When you do not tell the next generation the praiseworthy deeds of the Lord, they will suffer. All of you have stories that you like to tell and that means you have a listening audience. You have a listening audience whether it is your kids, grandkids or great grandkids, an underclassman, a young coworker, a niece, nephew or a cousin, family, friend, acquaintance, or stranger, even someone older than you. When you choose to share stories that do not include Jesus, God or things that he says are good, then you willingly keep someone from knowing or being strengthened by the praiseworthy deeds of the Lord. When you choose to let someone live without knowing what God has done for them, you choose to keep them on a path to destruction, to death, to guilt, to fear, to a purposeless life, to unanswered questions, to struggling to make sense of a broken world, to fight the devil alone, to not knowing truly unconditional love, to not know their Savior, to being shut out of heaven, to be condemned to hell, etc. When you do not tell the next generation the praiseworthy deeds of the Lord it comes from a heart that is not hearing the praiseworthy deeds of the Lord. Your sinful nature wants you to hide what Jesus has done from others and wants you to forget it too.
The history of Psalm 78 is your story. God guided Asaph to write, 5 “He decreed statutes for Jacob and established the law in Israel, which he commanded our ancestors to teach their children, 6 so the next generation would know them, even the children yet to be born, and they in turn would tell their children.” The words of Psalm 78 are the history of the praiseworthy deeds of the Lord. They are the history of God’s miracles to save the people he promised the Savior would be born to. God promised Jesus would be born an Israelite; he would be the offspring of King David from “the tribe of Judah,” as Asaph wrote in verse 68. You are one of the children of the next generation, children yet to be born, who have heard what God wanted you to know. God wanted you to know that after Adam and Eve brought sin and death into the world, he would allow one of their offspring to crush the devil’s head. God wanted you to know that he preserved mankind through Noah and his family. God wanted you to know that he could make Abraham and Sarah parents to a child when they were decades past childbearing, whose children would become Israel, who would be God’s people by faith in his promise to give life to what is dead. God wanted you to know the history of Moses to David so that you could see that he does not stop loving and working powerfully to save, forgive and give life to imperfect, sinful, stubborn, questioning, prideful, people just like you. God wants you to know the Bible, the history of his love for you, to know Jesus was born, lived, died, rose, and will return to bring you to live with him in heaven forever.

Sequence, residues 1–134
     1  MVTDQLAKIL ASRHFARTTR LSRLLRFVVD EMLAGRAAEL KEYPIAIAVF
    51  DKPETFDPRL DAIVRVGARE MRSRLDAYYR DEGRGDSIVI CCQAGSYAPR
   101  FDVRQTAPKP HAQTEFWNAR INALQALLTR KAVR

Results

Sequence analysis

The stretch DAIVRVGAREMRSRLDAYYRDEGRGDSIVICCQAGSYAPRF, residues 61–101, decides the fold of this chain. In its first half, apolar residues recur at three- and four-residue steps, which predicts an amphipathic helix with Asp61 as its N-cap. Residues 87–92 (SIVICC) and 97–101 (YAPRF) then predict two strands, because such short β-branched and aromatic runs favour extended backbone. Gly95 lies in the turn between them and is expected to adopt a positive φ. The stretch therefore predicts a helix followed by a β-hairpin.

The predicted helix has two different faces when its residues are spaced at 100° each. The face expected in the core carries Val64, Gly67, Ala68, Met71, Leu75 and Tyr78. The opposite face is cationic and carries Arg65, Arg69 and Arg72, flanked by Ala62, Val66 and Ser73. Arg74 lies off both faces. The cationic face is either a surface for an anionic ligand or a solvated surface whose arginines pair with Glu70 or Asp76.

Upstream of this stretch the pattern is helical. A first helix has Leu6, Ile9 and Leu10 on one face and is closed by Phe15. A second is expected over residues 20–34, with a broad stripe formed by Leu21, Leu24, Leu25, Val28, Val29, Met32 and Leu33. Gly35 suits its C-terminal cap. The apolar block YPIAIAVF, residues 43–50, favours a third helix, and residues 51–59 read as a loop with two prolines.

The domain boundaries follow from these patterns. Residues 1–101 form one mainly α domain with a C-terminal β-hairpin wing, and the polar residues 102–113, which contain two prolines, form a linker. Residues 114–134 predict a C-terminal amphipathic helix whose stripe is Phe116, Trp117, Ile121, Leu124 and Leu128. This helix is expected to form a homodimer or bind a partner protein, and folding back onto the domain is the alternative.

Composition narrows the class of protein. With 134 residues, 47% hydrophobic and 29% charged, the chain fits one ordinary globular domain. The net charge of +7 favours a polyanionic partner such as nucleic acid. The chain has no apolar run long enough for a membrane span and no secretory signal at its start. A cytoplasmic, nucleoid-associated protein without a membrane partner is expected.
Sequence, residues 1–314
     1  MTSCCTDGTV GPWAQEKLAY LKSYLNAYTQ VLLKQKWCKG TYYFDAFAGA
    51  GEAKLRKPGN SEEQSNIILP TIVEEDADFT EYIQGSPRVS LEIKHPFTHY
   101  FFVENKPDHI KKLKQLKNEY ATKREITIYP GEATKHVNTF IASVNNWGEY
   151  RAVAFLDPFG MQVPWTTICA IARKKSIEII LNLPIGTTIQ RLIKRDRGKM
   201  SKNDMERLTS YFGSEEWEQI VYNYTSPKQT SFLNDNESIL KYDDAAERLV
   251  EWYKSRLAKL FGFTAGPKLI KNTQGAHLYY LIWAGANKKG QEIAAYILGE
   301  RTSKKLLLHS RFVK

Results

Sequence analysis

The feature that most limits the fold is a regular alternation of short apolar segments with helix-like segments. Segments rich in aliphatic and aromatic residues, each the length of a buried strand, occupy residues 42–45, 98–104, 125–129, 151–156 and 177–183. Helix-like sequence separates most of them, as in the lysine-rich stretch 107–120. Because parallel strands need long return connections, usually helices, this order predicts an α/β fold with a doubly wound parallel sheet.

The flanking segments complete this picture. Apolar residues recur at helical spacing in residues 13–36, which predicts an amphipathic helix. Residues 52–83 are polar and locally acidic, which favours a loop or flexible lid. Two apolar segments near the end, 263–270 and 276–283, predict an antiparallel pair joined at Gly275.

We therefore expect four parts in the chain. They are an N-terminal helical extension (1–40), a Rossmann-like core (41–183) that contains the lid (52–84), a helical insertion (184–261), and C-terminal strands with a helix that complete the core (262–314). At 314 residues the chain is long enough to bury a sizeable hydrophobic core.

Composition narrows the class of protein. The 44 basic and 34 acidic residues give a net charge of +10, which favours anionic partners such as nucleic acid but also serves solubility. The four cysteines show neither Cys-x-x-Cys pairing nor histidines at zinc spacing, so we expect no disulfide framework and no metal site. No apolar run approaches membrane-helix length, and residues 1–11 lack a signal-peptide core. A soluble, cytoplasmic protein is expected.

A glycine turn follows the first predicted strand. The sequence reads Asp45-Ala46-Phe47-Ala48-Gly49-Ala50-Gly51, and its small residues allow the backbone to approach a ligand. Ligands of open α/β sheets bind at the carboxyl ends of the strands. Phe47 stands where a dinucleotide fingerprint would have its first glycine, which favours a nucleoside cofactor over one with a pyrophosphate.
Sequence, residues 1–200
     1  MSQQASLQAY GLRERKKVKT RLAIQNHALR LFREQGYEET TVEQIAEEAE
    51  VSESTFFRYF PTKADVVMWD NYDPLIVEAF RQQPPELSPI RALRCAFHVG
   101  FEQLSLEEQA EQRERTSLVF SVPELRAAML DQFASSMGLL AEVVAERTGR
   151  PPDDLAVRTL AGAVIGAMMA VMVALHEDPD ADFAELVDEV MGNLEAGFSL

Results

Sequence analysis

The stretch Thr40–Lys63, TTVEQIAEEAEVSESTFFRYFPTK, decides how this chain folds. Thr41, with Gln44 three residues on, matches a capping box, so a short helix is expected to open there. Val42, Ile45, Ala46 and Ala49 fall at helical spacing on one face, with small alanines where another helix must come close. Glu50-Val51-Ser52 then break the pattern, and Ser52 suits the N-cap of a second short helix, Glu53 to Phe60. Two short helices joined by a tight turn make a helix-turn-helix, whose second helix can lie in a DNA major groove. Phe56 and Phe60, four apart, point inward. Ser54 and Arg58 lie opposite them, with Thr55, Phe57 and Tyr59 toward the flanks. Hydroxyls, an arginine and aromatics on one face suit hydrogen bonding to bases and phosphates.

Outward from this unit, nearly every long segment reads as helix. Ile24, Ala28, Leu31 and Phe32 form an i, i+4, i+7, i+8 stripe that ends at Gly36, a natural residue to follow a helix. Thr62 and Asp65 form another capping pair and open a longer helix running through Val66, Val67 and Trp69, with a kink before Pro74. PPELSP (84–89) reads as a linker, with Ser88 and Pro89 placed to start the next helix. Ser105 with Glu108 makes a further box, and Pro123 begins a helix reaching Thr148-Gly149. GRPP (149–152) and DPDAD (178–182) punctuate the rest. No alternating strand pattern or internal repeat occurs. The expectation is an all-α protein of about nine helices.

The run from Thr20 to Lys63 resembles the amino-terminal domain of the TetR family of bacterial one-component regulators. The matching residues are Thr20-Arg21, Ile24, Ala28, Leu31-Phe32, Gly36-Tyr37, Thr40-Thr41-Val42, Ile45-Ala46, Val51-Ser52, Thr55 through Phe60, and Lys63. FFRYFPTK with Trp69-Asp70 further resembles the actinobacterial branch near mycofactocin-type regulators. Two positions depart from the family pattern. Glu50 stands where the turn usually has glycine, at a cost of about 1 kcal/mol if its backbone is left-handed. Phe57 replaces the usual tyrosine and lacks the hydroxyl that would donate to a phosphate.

The next generation needs to hear those same praiseworthy deeds of the Lord. Part of Jesus’ work while he was on earth was to make sure the next generation would hear about their Savior. In Mark 6, Jesus sent out his twelve disciples in pairs of two and 12 They went out and preached that people should repent. Some of the people the disciples preached to repented and put their faith in Jesus, while others remained in love with their sin and rejected Jesus. They were not sent to make people believe, only to share Jesus’ message. This is still true for pastors today. In 1 Timothy 3, we hear one of the qualifications for a pastor, 4 “He must manage his own family well and see that his children obey him, and he must do so in a manner worthy of full respect. 5 (If anyone does not know how to manage his own family, how can he take care of God’s church?)” Even though pastors are called to serve a congregation, they must first be able to manage their own family. The highest calling of a pastor is to share what God has done with his family. You have the same message as Jesus, his disciples and pastors to share with your family and everyone in this next generation. Telling the next generation is not always rainbows and butterflies. Telling the next generation means calling out sin and its consequences, even when feelings are hurt, and relationships strained or ended. It also means patience and tact, repetition, and prayer. It is also the truth of God as our loving Creator, the giver of life, who made this amazing world that keeps us alive. It is Jesus who became one of us, giving up the riches of heaven, to become poor, to suffer rejection by the world, those he loved and God himself, to save us, to rise, to ascend into heaven, to rule all things and wait until Judgment Day when he will declare you to be one of his before all people, and bring you to live with him in heaven. It is the Holy Spirit who gives the gift of faith, who opened your eyes to see Jesus as your Savior, who fills you with wisdom, joy, peace, hope, understanding and love.
This is a leather punch from my great grandma. I could tell you more about it, but that is not why we are here today. I have another piece of my family history to share with you. This is the baptism certificate of my great grandma from 1896. I am thankful for this because it means my great, great grandparents heard the praiseworthy deeds of the Lord and wanted to share them with the next generation, trusting a generation not yet born would hear about their Savior Jesus. Telling the next generation about Jesus will not always rainbows and butterflies, and I am sure you have all faced rejection for sharing Jesus or feel guilty for not sharing him. The good news is that you are forgiven by God and you are his people because of his mighty power and love. And, I want you all to know that sometimes telling others about Jesus is all about rainbows and butterflies. The rainbow was the sign God gave Noah that he would not destroy the world again with a flood; it is a reminder of how serious God is about sin and a sign of God’s promise to save lives by his mercy and grace. And the butterfly allows you to talk about the three stages of Jesus’ work to save us like the three stages of a butterfly’s life. Jesus was born and lived looking like an average person like a humble caterpillar, then he was put in the tomb like a chrysalis, and finally he rose in all his glory and ascended into heaven like a butterfly breaking out of its chrysalis, spreading its wings and flying away. The Bible is full of God’s power and forgiveness for you and all generations through Jesus. God be with each of you as you tell the next generation the praiseworthy deeds of the Lord. Amen.